Throughout the fighting in the Renegade Woods, Cobb spent many hours with Custer over the battlefield. The battalion commander was frustrated by the difficulty of bringing airstrikes on enemy targets, and he grabbed Cobb’s rifle to mark targets with tracer bullets. Later Cobb would laughingly say, “It didn’t take him long to go through all of the tracers I had with me. After that, I tried to bring a spare rucksack filled with tracers.”

One of the popular television shows of that time was called “Rat Patrol,” involving wild tales of derring-do by soldiers in earlier wars using jeeps with pedestal-mounted machine guns. Similar vehicles were used in the Vietnam War, usually for the purpose of road convoy protection. One of the stories told in the Second Wolfhounds was that Command Sergeant Major Cobb had organized a Rat Patrol squadron of his own. The story is still being repeated by grizzled veterans of that war.

 

In 1970, American presence in the Vietnam War was drawing down, and the battalion went through several rapid changes in mission. Within days of the battle in the Renegade Woods in April 1970, the battalion was hastily prepared for a combat air assault into Cambodia as a blocking force, while armor and mechanized infantry drove toward them. Cobb was a reassuring figure throughout the operation, with his pack on his back and his rifle in his hand. A photograph taken at the end of the operation shows him on the pickup zone as the unit waited for Chinooks to lift the out of Cambodia and return them to Vietnam.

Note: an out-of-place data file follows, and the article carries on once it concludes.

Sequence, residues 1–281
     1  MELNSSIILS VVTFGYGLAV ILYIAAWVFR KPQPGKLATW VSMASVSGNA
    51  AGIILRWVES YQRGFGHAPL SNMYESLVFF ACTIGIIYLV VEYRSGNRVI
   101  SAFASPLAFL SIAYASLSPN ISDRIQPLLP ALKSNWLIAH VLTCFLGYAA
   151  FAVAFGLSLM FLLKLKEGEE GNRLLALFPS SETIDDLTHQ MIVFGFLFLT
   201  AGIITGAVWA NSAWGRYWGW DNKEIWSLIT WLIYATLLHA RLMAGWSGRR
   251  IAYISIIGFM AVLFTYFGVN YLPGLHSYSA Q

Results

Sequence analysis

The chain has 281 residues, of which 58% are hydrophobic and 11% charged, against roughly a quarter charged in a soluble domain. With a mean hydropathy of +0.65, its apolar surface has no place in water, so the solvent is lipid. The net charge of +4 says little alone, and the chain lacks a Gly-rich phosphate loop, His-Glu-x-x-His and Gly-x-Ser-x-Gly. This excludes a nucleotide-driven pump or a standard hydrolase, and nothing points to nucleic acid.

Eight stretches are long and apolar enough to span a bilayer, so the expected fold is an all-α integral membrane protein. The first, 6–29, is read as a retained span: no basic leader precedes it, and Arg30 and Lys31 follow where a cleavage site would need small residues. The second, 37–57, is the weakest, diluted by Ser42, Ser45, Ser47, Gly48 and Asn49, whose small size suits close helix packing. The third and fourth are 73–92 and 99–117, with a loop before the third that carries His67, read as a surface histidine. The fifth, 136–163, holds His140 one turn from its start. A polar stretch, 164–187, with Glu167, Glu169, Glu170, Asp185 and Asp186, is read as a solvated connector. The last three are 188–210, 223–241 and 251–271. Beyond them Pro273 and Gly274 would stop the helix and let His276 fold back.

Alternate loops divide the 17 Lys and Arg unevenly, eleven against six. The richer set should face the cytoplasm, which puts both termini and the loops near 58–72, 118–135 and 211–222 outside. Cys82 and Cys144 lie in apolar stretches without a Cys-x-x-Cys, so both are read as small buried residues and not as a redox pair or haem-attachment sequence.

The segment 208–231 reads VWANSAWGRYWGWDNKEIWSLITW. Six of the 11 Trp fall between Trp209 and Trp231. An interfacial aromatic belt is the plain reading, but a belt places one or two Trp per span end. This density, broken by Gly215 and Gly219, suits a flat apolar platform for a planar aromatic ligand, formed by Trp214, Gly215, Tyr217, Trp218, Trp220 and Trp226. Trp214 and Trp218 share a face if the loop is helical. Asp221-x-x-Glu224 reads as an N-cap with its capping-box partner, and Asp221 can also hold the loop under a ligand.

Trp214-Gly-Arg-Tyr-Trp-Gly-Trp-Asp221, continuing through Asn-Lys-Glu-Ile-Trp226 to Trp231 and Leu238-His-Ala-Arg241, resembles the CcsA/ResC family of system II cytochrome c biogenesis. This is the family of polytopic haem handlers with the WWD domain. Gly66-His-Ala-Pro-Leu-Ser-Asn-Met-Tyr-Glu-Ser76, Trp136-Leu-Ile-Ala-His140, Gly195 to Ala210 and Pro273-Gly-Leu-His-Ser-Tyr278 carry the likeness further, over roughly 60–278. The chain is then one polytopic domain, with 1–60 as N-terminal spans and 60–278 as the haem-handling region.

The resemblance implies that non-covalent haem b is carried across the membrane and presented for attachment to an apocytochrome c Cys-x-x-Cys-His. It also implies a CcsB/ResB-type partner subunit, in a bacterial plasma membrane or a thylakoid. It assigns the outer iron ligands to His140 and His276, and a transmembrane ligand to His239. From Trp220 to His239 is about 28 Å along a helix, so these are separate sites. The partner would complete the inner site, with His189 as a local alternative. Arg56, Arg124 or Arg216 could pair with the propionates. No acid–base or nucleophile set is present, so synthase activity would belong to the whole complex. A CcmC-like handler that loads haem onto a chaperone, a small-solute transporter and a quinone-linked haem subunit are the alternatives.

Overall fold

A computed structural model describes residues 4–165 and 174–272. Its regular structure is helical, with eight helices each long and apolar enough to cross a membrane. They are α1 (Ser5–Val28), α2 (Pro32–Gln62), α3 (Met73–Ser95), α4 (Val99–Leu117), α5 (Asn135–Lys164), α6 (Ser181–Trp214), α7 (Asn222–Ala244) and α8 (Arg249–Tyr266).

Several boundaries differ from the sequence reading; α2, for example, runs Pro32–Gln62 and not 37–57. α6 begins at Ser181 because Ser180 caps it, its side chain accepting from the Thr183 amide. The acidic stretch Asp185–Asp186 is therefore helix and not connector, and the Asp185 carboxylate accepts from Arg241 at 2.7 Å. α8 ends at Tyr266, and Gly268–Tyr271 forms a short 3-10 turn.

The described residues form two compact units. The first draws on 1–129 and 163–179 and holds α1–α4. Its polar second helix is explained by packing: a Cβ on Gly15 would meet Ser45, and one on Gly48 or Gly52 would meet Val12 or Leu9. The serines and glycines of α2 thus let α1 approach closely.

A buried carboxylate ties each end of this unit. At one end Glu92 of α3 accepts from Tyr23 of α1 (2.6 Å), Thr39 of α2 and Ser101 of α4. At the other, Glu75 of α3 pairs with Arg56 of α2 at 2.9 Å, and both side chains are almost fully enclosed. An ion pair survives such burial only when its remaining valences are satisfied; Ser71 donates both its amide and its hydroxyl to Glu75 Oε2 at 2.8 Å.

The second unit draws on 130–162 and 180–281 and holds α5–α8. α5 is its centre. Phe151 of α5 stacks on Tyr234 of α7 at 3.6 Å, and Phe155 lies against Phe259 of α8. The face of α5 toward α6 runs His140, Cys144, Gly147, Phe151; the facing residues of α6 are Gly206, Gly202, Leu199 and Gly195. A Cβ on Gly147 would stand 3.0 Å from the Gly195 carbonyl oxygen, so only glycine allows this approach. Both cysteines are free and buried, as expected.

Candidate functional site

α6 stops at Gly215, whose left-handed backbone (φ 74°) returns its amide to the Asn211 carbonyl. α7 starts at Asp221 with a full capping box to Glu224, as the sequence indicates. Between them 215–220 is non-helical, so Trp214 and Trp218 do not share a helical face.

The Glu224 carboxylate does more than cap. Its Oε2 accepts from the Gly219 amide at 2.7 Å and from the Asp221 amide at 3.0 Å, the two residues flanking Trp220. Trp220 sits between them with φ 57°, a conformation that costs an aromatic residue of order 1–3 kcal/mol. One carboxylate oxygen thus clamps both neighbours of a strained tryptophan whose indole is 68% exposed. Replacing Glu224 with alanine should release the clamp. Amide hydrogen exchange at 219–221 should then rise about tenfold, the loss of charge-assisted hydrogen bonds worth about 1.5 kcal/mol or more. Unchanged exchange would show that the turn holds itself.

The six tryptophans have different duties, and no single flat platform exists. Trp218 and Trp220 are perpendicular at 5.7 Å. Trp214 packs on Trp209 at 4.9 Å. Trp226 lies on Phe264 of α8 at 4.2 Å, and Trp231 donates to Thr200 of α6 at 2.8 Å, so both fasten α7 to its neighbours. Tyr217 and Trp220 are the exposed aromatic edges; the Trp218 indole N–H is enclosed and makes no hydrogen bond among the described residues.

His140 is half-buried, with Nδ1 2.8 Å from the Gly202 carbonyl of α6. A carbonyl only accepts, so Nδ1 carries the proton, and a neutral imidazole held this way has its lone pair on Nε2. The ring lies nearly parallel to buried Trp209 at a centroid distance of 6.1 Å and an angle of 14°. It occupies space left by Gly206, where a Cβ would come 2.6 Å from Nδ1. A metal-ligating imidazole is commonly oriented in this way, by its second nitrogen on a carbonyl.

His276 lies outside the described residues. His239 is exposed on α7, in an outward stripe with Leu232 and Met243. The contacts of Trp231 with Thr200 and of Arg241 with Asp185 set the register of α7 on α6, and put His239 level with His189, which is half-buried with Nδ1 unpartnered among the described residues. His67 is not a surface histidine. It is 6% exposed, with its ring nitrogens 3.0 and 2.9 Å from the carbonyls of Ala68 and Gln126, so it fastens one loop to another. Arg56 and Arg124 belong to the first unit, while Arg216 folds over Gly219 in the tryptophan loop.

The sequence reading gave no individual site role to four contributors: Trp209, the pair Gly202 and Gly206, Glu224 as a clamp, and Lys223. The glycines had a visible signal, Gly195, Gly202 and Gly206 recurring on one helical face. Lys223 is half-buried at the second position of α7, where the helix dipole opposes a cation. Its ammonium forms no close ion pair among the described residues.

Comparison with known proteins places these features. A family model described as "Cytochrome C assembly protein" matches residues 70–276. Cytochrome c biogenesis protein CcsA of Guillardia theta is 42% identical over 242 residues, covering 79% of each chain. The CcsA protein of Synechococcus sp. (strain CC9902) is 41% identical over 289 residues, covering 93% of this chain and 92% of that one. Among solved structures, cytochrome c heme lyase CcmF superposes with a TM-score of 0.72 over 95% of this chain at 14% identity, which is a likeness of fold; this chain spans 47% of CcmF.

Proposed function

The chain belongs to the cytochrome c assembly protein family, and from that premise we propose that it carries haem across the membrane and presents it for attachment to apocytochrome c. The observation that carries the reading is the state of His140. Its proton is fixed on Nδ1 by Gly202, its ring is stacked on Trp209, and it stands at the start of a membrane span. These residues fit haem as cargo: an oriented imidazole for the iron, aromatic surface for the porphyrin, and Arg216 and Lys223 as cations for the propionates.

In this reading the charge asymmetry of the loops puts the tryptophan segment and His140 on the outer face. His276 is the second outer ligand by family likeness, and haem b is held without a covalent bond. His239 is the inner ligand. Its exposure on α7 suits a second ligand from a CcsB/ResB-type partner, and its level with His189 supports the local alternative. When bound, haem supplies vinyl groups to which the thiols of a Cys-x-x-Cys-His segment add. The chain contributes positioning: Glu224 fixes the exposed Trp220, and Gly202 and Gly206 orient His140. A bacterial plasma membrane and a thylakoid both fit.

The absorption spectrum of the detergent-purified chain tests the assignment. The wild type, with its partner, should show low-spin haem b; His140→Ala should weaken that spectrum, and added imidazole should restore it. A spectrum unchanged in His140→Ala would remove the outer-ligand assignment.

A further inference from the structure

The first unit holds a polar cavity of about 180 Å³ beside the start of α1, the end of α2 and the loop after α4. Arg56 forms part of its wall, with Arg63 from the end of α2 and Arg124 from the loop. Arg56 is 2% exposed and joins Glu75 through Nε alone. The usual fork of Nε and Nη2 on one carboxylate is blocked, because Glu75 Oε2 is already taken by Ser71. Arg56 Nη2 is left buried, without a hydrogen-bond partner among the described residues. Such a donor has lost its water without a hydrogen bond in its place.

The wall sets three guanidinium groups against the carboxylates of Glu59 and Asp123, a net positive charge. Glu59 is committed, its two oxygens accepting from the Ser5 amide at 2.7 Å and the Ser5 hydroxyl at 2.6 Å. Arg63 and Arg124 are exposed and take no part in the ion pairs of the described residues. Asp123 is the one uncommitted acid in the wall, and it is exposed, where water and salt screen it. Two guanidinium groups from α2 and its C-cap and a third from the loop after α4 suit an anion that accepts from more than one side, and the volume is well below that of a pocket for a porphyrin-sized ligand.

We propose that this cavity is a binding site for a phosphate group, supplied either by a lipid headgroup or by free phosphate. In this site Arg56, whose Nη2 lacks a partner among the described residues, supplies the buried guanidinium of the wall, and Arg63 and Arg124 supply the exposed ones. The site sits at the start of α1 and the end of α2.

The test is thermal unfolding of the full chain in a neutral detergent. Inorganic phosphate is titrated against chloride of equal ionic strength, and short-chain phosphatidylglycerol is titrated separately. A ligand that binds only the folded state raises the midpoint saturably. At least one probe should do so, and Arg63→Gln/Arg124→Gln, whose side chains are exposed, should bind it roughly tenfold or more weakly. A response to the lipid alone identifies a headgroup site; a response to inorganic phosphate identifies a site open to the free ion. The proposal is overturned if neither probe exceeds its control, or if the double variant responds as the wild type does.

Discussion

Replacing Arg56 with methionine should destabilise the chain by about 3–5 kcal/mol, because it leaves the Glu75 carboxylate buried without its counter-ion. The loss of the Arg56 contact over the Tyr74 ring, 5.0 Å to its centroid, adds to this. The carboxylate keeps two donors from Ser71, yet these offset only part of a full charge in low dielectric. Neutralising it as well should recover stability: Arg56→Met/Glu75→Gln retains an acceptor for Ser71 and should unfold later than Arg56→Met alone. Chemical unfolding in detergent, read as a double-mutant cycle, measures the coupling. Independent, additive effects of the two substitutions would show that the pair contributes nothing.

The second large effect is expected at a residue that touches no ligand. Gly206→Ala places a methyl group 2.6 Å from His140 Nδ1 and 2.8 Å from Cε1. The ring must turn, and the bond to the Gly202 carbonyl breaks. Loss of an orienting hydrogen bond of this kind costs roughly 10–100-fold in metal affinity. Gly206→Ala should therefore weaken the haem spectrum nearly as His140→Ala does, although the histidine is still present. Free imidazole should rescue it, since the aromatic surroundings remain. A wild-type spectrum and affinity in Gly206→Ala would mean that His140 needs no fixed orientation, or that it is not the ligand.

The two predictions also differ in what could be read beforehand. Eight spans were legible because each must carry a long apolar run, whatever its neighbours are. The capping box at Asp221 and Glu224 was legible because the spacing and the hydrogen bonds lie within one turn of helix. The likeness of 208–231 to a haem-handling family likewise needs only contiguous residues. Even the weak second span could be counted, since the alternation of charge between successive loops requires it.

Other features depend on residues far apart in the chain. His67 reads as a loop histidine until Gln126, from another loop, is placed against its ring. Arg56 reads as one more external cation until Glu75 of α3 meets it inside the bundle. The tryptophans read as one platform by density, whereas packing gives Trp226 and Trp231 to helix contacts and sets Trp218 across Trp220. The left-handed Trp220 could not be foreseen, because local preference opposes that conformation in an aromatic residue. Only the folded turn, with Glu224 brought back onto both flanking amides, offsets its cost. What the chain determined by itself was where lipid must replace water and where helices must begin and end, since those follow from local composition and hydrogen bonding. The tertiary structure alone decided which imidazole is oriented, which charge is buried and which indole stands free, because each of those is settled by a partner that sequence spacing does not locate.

Shortly afterward, with his tour behind him, he left Vietnam and returned home. A short time later the Second Wolfhounds would return their colors to Hawaii. Today, Cobb and his wife live quietly in retirement in their Columbia, South Carolina home.

 

With the 1970 operation at an end, the Second Wolfhounds wait for helicopters to take them back to Cu Chi.
CSM David T. Cobb is on left–wearing rucksack—with his back to camera. (Photo property of the author)

Copyright 2012 by Howard Landon McAllister